Real or Not: Super Rugby Pacific would benefit from a 'bunker' review system

Welcome back to another edition or Rugby Real or Not, where we discuss some of the biggest talking points in Super Rugby Pacific and around the globe.

As ever, there is plenty happening across the game, with World Cup announcements, foul play and the July internationals all generating news again this week.


Real. Foul play, and its resulting red cards, continues to be a hot topic in Super Rugby Pacific. Following Caleb Clarke's judiciary hearig on Wednesday night, SANZAAR has dished out 16 weeks' worth of suspensions from Round 7 of Super Rugby Pacific, when no less than five players were sent off. In each of those cases, the players could have few complaints about their respective dismissals or subsequent bans. But where I think an NRL-style bunker could come in handy is the time in which it is taking to make these decisions on field. The current process, where the TMO is often asked to "check that", before the vision is put up on the big screen for the referee to cycle through, watch multiple angles of and then consult with his assistants, before settling on a decision, is driving fans away from the game. It simply takes too long, and sucks all the momentum out of a contest.

Imagine if SANZAAR had a bunker set up, manned by the same officials across the weekend, who could review incidents while play went on, and then stepped in during a break in play with an appropriate recommendation of sanction. That would not only save time by removing the need to put the incident up on the big screen, but also achieve greater consistency across individual games given it would be one official -- or perhaps a group of officials -- reviewing each individual incident with the same interpretation. I know the NRL bunker has had its criticisms and doesn't come cheap at around the $2m-a-season mark, but surely rugby officials could find a cut-price option? It's got to be worth a shot, anyway, particularly if we're going to continue to have multiple in-game breaks so foul play incidents can be reviewed on the big screen. In this era of shortening attention spans, rugby can ill-afford to have multiple extended breaks in play to review foul play, when there are so many other stoppages already.

- Sam Bruce


Not real. This is a really hard perspective to take. Yes, I believe the Wallaroos players should be fully professional right now, but realistically I understand Rugby Australia [RA] simply doesn't have the funds to prop up their payments.

The news this week that Australia have been given preferred bid status by World Rugby to host the 2029 World Cup is huge for women's rugby in the country and will no doubt help introduce more people to the game, but more specifically it proves RA is wanting to do more in the women's space. Already we've seen a huge increase in Test matches this year, Super W has added an extra team in Fijiana Drua and a three-year goal to reach professionalisation means more investment and clearer pathways.

While RA has a lot of work to do to make up for the two missed years through COVID, we should remember that it's taken the likes of netball and cricket in this country years to reach full professionalisation; meanwhile the average AFLW player receives $20k a year despite the riches within the sporting body. These are not excuses for RA, simply some perspective. Players are rightfully demanding more funding and pay, but a three-year plan should see payments build as we head to the 2025 World Cup.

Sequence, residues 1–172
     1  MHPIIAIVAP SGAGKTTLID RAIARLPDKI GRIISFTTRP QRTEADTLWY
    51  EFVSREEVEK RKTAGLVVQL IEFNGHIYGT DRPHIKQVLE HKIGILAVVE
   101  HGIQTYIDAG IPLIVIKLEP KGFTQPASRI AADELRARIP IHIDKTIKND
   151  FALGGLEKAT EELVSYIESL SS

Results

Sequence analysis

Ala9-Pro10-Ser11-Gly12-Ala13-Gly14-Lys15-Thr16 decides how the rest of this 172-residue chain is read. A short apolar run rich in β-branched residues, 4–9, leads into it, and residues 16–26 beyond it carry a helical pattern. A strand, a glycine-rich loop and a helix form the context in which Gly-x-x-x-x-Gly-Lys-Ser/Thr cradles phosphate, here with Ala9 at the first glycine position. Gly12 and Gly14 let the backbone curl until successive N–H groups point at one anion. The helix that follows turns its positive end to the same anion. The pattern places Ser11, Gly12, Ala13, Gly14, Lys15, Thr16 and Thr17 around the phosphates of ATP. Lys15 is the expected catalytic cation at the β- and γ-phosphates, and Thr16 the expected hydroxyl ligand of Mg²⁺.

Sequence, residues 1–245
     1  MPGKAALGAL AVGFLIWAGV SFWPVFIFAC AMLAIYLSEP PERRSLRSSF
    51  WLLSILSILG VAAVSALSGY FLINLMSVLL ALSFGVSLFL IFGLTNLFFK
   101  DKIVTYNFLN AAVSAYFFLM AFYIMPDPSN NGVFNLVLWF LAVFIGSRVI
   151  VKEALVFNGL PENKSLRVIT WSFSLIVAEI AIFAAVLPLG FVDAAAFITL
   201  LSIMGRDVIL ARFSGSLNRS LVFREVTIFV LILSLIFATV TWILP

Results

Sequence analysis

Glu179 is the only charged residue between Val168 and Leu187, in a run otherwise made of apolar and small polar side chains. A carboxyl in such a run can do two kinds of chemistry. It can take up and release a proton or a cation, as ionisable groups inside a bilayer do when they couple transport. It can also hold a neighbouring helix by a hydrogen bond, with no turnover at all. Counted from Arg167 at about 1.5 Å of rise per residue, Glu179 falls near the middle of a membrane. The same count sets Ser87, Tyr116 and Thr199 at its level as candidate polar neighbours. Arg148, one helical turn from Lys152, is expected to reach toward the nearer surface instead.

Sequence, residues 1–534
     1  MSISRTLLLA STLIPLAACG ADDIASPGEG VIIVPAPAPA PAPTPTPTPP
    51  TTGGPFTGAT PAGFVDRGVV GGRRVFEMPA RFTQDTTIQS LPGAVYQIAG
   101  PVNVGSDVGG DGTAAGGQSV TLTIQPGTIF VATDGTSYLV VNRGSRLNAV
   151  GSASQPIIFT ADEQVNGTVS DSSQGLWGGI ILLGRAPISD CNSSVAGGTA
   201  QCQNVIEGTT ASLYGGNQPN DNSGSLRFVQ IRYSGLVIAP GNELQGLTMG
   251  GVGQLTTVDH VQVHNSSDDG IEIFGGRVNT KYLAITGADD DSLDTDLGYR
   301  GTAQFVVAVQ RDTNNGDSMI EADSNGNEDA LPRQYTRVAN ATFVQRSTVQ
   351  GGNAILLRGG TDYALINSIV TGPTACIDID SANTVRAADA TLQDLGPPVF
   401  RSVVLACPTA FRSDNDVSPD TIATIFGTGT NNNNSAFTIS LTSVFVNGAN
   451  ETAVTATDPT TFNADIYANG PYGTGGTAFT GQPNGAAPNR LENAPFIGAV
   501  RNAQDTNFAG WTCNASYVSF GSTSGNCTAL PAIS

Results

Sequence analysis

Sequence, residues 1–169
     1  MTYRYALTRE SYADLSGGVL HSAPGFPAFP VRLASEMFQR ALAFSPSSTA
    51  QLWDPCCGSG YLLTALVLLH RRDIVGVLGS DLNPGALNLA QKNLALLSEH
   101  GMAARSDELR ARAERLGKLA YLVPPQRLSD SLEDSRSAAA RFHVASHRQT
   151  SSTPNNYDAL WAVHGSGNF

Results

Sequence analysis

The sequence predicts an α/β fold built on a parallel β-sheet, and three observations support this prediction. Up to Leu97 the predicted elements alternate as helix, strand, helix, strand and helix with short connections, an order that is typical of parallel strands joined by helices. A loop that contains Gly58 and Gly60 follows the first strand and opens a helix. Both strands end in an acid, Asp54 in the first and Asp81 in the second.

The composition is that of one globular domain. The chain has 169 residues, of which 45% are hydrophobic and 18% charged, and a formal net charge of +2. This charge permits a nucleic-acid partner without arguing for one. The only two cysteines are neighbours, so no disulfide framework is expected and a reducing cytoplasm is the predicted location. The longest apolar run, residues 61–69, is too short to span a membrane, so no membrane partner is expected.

-- Brittany Mitchell


Not real. It's certainly a gamble, but I'm prepared to give Rugby Australia the benefit of the doubt - for now. This promises to be a thrilling series and one that may well be decided in Sydney -- that will of course require the Wallabies to end what is at the moment an eight-game winning streak in either of the first two Tests -- and therefore would appear likely to draw more than the 30,000-strong crowd that CommBank Stadium can hold. After missing out on Test rugby last year, it is a decision that is also banking on the belief that fans in rugby heartland, Sydney's eastern suburbs, will happily overlook what are some admittedly terrible vantage points at the famous venue for sports played on a rectangular field.

But if the Wallabies are even able to get, say 10,000, extra fans into the SCG [capacity 48,000], that is an invaluable boost to RA's bottom line. If you do some simple maths on the average ticket price, which is $150, and multiply that by 10,000, that is a potential extra $1.5m that RA cannot simply scoff its nose at. My understanding is that last year's Test against France was on track to be a sell-out at the SCG and with England perhaps having even greater pulling power -- Eddie Jones is the game's greatest marketer -- it is the logical decision to overlook CommBank in favour of the SCG. The old saying that "fans will vote with their feet" will obviously be the determining factor here, while the big shame is that the completion of the new Sydney Football Stadium will happen about a month later. We can however look forward to seeing the Wallabies face the Springboks at the SFS, though, potentially even as the venue's official opening match. Accor Stadium [Homebush] was available to host the third Test, but RA is obviously banking on the heartland appeal of rugby's traditional brass.

- Sam Bruce